Plaintiff nonetheless moves to strike ¶ 31 of the Amended Counterclaim for repeating allegations regarding Slaughter's injuries as a shareholder. The court agrees that ¶ 31 alleges injuries which are recoverable only by TWR, not Slaughter directly. The allegations are not so clearly insufficient or unrelated to questions of liability, however, that striking under Rule 12(f) is warranted.

Plaintiff's chief argument for dismissal rests on defendant's purported failure to allege a "pattern" as defined in the Supreme Court decision of Sedima, S.P.R.L. v. Imrex Co., ___ U.S. ___, 105 S.Ct. 3275, 87 L.Ed.2d 346 (1985). In Sedima, the Supreme Court held that civil RICO plaintiffs need not plead a prior criminal conviction nor a separate "racketeering injury" before maintaining a private action under § 1964(c). The Court expressed concerns over RICO's expansionary evolution, however, and noted that one reason for the "extraordinary" uses to which civil RICO has been put is "the failure of Congress and the courts to develop a meaningful concept of `pattern.'" Id. 105 S.Ct. at 3287. The Court stated that while the statutory definition requires "at least two acts of racketeering activity,", see 18 U.S.C. § 1961 (5), it would be a mistake to assume that allegations of any two acts are therefore sufficient:

  The legislative history supports the view that two
  isolated acts of racketeering activity do not
  constitute a pattern. As the Senate Report explained:
  "The target of [RICO] is thus not sporadic activity.
  The infiltration of legitimate business normally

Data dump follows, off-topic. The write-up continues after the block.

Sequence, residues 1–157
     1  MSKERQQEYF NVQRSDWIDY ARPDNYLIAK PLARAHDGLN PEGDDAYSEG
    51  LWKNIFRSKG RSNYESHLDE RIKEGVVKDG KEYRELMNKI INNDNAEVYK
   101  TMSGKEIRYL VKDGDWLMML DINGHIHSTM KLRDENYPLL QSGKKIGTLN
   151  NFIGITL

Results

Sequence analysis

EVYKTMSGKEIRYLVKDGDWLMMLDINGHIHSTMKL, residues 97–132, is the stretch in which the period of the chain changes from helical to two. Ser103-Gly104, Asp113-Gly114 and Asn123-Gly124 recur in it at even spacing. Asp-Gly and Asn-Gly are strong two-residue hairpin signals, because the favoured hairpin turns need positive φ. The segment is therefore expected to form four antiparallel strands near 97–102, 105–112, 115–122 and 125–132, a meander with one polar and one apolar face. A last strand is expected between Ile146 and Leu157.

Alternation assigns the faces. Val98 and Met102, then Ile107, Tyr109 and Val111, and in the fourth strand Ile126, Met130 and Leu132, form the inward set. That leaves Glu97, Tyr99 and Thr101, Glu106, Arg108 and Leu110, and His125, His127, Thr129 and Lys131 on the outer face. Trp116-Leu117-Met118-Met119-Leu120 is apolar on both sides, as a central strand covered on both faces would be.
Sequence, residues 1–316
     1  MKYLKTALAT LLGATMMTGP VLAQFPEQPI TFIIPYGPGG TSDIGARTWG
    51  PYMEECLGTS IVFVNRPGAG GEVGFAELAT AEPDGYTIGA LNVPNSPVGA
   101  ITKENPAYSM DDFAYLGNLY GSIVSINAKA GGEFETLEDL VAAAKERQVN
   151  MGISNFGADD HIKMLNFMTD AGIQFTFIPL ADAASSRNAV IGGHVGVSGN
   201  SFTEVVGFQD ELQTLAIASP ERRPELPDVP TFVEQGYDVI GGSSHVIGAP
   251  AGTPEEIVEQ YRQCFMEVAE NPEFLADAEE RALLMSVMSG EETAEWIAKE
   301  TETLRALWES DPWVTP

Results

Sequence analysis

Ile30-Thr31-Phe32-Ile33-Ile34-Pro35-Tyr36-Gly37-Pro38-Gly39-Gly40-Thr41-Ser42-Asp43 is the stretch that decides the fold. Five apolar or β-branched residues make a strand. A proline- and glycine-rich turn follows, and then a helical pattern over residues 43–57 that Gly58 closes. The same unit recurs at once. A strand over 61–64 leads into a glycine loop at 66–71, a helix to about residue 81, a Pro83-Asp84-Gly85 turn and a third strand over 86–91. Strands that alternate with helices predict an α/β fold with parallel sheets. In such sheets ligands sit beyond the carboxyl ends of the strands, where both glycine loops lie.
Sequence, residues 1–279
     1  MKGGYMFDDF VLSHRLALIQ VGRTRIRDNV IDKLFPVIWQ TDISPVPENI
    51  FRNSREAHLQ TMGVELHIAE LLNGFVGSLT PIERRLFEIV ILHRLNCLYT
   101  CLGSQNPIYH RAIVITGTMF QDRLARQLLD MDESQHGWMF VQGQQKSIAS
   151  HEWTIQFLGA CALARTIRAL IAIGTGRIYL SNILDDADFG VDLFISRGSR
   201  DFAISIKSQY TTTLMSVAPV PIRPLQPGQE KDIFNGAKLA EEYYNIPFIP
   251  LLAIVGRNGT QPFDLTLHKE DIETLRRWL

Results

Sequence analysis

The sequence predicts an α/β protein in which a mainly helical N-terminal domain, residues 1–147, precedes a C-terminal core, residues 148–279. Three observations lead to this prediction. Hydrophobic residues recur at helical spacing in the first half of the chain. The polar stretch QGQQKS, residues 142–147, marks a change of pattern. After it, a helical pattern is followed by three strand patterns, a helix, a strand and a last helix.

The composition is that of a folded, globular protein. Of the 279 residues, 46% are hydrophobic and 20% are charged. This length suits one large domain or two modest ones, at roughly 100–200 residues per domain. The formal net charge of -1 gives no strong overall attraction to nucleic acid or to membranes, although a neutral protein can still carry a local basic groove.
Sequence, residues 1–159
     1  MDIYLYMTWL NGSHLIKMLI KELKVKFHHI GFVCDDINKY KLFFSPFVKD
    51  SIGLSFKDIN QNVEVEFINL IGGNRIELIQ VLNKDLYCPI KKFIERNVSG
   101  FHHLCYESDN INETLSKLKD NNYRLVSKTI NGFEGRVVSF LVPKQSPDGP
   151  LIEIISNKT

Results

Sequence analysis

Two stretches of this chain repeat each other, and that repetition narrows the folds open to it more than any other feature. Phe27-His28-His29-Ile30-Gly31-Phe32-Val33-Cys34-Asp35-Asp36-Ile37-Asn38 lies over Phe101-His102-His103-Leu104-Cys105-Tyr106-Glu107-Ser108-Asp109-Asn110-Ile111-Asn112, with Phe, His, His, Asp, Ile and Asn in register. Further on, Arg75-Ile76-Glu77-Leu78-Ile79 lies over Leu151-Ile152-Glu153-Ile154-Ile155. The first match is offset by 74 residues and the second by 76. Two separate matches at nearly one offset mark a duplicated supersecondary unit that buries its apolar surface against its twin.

requires more than one `racketeering activity' and the
  threat of continuing activity to be effective. It is
  this factor of continuity plus relationship which
  combines to produce a pattern."

105 S.Ct. at 3285 n. 14 (citing S.Rep. 91-617, 91st Cong., 1st Sess. 158).

The exact impact of Sedima on the pleading of civil RICO cases is currently a matter to which numerous federal judges have directed their attention, largely as part of an effort to limit the expansion of civil RICO and to stem its concomitant threat of federal jurisdiction over run-of-the-mill business fraud cases. This court has in fact invited briefing of the "pattern" issue in several cases in order to determine whether these cases truly belong in federal court.

Perhaps the most thorough post-Sedima discussion of the "pattern" issue is that of my colleague Milton Shadur in Northern Trust Bank/O'Hare, N.A. v. Inryco, Inc., 615 F. Supp. 828 (N.D.Ill. 1985). In that case, Judge Shadur reviewed earlier Seventh Circuit precedent in light of Sedima. For example, in United States v. Weatherspoon, 581 F.2d 595, 602 (7th Cir. 1978), the Seventh Circuit had held that each mailing in a scheme to defraud is a separate offense for purposes of determining whether an indictment charges a pattern of racketeering activity. In United States v. Starnes, 644 F.2d 673, 677-78 (7th Cir. 1981), the Court held that acts taken in furtherance of a single criminal end are sufficiently related to satisfy the "pattern" requirement.

To the extent Weatherspoon and Starnes imply that multiple mailings in furtherance of a single criminal episode may constitute a pattern, this court agrees with Judge Shadur that such a result is no longer warranted under Sedima. In Inryco, the complaint specified only two mailings made in connection with a phony subcontract under which kickbacks were later made; the court concluded that these two acts, without any facts from which to infer continuous criminal activity, were plainly insufficient under Sedima to establish a "pattern of racketeering activity."

Plaintiff, however, interprets Inryco also to mandate a conclusion that multiple mailings can never establish a pattern of racketeering activity unless they are used to implement different fraudulent schemes. Such an interpretation, while clearly suggested by dictum in Inryco, was rejected by Chief Judge Frank McGarr in Trak Microcomputer Corporation v. Wearne Brothers, 628 F. Supp. 1089 (N.D. Ill. 1985). Nothing in the legislative history of RICO or the language of Sedima compels the conclusion that a "pattern of racketeering" requires a pattern of fraudulent schemes.